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Society ,how it works and the power it has in the “Hedda Gabler”

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One of the central themes in Henrik Ibsen’s tragic play, Hedda Gabler is the illusion of power among the social classes. To expose this theme, Ibsen creates a powerful and socially privileged character whom he titles Hedda. She represents the social and cultural freedom that was believed to be possessed by those of higher class within bourgeois of the nineteenth century. At the same time, Ibsen also presents other middle class and less powerful characters, such as Auntie Juju, Thea Elvsted and Eilert Loevborg. These characters contrast Hedda’s powerful and often offensively privileged character, demonstrating the costs of social acceptance and control.

As the plot evolves, Hedda exploits and manipulates the characters. She exerts these behaviors in order to maintain the social power and prestige as one of higher class. Throughout most of the play her deceptive actions towards power are successful as people submit without question. This perversion twists and wounds Hedda as she comes to realize that she does not have the social power to control those who are inferior to her. Disillusionment of the social system unravels as the reader recognizes that the power lies not among the individuals of the higher class, but within the social order itself.

Our first impression of Hedda is not favorable. Although she appears to be a woman of great beauty and exceptional social standing, her personality condemns almost every woman that comes into contact with her. After returning from her honeymoon into a new house, Hedda automatically presses her social domination upon those nearby. Her first reaction ranges from disapproval to actual offense as she casts insults against the early arrival of Auntie Juju and the homely look of her hat (1253-1254). The attacks invoke fear and awe in the social standing that Hedda holds as one from affluence.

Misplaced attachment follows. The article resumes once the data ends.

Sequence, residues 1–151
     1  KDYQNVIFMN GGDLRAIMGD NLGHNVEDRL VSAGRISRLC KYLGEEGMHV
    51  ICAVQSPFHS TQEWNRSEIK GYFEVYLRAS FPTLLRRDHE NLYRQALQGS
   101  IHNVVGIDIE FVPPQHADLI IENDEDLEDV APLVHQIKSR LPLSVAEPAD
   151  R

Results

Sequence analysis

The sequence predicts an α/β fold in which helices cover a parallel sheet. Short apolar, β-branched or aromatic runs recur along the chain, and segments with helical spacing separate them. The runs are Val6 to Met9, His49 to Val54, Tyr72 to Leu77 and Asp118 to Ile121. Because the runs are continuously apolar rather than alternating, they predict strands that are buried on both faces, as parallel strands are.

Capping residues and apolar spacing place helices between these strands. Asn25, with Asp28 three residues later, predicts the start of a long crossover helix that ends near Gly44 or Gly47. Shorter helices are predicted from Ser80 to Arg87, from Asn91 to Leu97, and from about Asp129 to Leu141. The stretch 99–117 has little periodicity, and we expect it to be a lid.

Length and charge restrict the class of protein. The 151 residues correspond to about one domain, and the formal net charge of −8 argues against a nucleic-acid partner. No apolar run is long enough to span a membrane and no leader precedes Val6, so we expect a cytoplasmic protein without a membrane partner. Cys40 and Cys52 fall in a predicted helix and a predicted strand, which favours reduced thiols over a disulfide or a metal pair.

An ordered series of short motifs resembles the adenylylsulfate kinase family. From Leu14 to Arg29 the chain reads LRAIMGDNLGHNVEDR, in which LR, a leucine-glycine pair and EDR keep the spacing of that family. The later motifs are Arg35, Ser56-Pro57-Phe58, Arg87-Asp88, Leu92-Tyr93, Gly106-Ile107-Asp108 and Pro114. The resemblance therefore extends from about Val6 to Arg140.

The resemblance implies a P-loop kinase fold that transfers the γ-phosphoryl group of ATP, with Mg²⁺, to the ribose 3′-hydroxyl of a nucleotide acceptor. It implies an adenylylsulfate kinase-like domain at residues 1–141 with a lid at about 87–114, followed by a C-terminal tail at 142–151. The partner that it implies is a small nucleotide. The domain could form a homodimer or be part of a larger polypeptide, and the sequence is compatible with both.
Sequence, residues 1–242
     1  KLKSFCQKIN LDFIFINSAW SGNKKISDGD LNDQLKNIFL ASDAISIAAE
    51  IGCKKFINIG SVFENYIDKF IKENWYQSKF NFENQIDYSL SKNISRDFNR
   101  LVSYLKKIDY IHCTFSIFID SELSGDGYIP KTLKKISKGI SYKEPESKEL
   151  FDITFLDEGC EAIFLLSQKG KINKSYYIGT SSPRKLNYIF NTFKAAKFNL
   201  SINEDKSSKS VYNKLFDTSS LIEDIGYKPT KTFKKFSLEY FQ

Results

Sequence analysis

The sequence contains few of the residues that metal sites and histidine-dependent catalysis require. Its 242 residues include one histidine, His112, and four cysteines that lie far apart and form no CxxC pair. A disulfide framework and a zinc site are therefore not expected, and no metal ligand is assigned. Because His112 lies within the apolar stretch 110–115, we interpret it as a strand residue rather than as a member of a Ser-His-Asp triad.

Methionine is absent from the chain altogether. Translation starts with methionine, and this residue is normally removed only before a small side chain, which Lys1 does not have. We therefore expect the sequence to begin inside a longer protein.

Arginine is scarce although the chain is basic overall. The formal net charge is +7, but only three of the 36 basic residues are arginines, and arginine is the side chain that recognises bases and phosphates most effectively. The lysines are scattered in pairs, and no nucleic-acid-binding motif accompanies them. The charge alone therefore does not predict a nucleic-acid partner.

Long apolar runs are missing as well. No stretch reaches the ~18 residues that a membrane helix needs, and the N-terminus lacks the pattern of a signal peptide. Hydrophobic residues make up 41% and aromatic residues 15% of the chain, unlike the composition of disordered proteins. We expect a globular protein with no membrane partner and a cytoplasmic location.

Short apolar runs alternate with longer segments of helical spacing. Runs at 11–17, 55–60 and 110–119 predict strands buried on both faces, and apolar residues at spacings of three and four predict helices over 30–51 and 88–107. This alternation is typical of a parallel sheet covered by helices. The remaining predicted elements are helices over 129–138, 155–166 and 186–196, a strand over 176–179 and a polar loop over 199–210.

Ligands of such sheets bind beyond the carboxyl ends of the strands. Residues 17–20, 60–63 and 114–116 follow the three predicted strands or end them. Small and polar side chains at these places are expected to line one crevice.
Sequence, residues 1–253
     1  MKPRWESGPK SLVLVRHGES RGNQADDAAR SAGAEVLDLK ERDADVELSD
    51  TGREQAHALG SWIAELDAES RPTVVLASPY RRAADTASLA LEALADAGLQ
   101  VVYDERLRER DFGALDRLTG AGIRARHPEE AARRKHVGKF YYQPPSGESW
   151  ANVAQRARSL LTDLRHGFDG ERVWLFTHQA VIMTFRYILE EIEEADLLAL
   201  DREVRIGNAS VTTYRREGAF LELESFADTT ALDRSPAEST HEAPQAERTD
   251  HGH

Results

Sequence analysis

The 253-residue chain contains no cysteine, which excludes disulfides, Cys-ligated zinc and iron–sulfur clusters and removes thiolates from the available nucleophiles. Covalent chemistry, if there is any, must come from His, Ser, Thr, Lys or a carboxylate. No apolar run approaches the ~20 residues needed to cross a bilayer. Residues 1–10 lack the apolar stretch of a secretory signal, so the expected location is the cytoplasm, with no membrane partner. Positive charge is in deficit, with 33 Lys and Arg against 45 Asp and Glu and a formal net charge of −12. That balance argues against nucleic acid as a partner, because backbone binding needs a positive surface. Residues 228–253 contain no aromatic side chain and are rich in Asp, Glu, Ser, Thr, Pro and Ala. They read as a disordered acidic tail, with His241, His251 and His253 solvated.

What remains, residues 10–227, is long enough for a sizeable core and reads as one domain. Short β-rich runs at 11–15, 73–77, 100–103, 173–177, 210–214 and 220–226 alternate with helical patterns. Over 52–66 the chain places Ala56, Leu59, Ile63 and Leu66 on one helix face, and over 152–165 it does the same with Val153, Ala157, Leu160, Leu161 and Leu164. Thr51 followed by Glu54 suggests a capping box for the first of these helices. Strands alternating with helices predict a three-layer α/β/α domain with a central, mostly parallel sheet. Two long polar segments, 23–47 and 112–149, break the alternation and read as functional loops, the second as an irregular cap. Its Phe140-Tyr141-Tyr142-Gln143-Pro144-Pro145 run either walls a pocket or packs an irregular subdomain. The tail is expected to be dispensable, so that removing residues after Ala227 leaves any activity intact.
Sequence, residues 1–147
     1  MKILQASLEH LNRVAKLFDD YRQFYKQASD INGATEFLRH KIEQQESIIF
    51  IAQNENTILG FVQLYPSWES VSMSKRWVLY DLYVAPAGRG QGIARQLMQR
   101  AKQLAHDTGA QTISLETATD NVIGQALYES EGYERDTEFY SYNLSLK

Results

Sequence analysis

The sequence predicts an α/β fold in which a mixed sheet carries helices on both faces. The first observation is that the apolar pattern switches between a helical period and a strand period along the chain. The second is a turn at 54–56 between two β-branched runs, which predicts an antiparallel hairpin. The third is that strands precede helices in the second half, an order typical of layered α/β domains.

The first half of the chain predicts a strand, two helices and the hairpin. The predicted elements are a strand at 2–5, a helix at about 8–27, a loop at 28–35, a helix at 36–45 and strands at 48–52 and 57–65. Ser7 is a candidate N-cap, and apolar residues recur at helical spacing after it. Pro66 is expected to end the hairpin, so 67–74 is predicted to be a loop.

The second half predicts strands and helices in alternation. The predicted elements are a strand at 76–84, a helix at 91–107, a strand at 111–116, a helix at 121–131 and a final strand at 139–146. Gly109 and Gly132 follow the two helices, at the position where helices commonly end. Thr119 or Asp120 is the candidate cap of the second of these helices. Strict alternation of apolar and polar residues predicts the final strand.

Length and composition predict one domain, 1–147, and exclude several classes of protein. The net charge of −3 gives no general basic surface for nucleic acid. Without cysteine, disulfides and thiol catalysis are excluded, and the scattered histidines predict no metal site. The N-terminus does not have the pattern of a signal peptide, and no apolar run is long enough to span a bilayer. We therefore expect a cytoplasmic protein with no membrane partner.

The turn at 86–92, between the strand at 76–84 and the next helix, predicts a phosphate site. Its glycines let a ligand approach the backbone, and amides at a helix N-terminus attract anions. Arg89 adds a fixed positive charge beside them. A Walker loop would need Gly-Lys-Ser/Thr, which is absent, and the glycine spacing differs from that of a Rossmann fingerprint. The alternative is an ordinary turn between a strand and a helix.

Hedda further propels her social power upon the other characters in the play through manipulation and deception. Her husband, George Tesman, bends to her every demand and dismisses her baneful remarks. The reader assumes that Tesman was not born into a prosperous family since he has little wealth and is in great debt. It is understandable as to why he is delighted to be fortunate enough to have “won” such a favorable bride (1250). This is why he is only able to see how “pretty and charming” (1254) she is. He is unable to see how uncaring she is as she does not morn the death of his Aunt Rena (1295). Tesman is blind to the way that she manipulates him with the announcement of her pregnancy so that he may forget that she has taken away the power from Loevborg by burning his manuscript (1296-1297).

Like Tesman, Thea Elvsted and Eilert Loevborg fall into her snare as she further exploits them to maintain her social power. Hedda uses her social position and her seemingly comforting demeanor to coerce Thea into telling the story of her marriage to Elvsted and her subsequent relationship with Loevborg (1260-1262). Her social standing, which generally puts her above reproach, lends itself to her overall believability and supports her manipulations.

Hedda’s power over Loevborg developed prior to her encounter with him in the play. As he was one of Hedda’s suitors before she was married, she made him fall in love with her and through this love she was able to control him. When Loevborg encounters her later in the play she still holds some portion of his love and power. With the knowledge that she gained from Thea, Hedda is able to undermine Thea and Loevborg’s relationship, allowing Hedda to regain back his full admiration and power over him.